While technology helps workers stay connected while away from the office, in many cases it is causing them to disconnect while in the office, leading to a negative impact on productivity.
According to new CareerBuilder research, one in five employers (19%) think workers are productive less than five hours a day. The top reason—more than half of employers (55%) say workers’ mobile phones/texting are to blame.
Other productivity killers cited by employers include:
- The Internet: 41%;
- Gossip: 39%;
- Social media: 37%;
- Co-workers dropping by: 27%;
- Smoke breaks or snack breaks: 27%;
- Email: 26%;
- Meetings: 24%;
- Noisy co-workers: 20; and
- Sitting in a cubicle: 9%.
Three in four employers (75%) say two or more hours a day are lost in productivity because employees are distracted. Forty-three percent say at least three hours a day are lost.
More than three-quarters of employers (76%) have taken at least one step to mitigate productivity killers, such as blocking certain Internet sites (32%) and banning personal calls/cell phone use (26%).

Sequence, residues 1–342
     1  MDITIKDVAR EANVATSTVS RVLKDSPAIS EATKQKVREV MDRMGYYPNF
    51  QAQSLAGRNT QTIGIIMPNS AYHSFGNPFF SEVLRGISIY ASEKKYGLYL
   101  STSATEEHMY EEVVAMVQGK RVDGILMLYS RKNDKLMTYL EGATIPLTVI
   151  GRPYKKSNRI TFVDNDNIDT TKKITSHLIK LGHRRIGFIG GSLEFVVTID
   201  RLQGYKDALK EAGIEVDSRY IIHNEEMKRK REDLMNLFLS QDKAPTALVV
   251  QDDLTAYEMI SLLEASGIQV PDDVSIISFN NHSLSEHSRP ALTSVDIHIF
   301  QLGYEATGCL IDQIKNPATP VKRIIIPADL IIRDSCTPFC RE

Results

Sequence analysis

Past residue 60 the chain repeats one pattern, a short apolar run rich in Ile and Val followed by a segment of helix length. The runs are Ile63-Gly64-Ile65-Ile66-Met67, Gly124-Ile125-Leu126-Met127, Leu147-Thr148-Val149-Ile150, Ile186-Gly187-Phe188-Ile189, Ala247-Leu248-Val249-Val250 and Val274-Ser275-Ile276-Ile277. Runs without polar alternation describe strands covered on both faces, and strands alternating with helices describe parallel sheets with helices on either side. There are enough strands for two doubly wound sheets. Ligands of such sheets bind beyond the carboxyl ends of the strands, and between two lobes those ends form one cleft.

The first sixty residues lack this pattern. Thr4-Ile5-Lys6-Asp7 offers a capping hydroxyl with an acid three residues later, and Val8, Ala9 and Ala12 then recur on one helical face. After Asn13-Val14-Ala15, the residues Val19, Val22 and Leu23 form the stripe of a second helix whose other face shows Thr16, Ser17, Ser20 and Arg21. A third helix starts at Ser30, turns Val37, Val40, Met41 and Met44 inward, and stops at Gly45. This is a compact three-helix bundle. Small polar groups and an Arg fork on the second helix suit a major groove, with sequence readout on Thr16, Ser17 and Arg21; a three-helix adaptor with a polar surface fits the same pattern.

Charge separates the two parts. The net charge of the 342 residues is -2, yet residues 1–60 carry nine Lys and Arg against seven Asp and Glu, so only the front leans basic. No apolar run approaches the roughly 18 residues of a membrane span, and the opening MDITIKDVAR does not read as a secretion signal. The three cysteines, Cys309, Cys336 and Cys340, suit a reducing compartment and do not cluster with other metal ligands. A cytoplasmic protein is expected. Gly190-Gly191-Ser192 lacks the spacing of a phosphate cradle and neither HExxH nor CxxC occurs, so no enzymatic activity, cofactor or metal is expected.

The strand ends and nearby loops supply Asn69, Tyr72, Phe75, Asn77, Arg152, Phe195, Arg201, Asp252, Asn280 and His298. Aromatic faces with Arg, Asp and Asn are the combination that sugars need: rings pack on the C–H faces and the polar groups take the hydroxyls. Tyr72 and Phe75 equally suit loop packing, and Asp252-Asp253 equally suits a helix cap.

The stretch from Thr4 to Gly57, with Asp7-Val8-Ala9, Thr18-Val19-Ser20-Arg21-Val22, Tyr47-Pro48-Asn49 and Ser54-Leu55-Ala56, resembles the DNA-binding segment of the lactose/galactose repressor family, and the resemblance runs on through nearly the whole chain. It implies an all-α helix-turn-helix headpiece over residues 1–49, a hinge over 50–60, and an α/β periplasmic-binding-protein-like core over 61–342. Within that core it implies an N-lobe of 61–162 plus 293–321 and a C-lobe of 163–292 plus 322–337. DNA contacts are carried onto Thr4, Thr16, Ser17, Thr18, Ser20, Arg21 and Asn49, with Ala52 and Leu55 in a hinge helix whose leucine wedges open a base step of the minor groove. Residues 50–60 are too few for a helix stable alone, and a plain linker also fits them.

Employers were also asked to reveal the most unusual or most memorable things they have caught an employee doing when they should have been working. Some examples include:
- Employee was working on a scrapbook;
- Employee was decorating a cubicle with chains of paper clips;
- Employee brought her equipment for her embroidery business from home and was making items for a craft show to sell;
- Employee was doing doughnuts in the parking lot in the snow;
- Employee brought in a kitten she found outside and tried to keep it quiet within a large purse;
- Employee was working on her child’s school project that included uncooked macaroni noodles;
- Employee was lying on a patient’s bed talking to the patient while the patient sat in her wheelchair;
- Employee was watching YouTube videos of people shoving marshmallows in their mouth;
- Employee was doing some personal grooming in the break room; and
- Employee was searching on Craigslist for dates.
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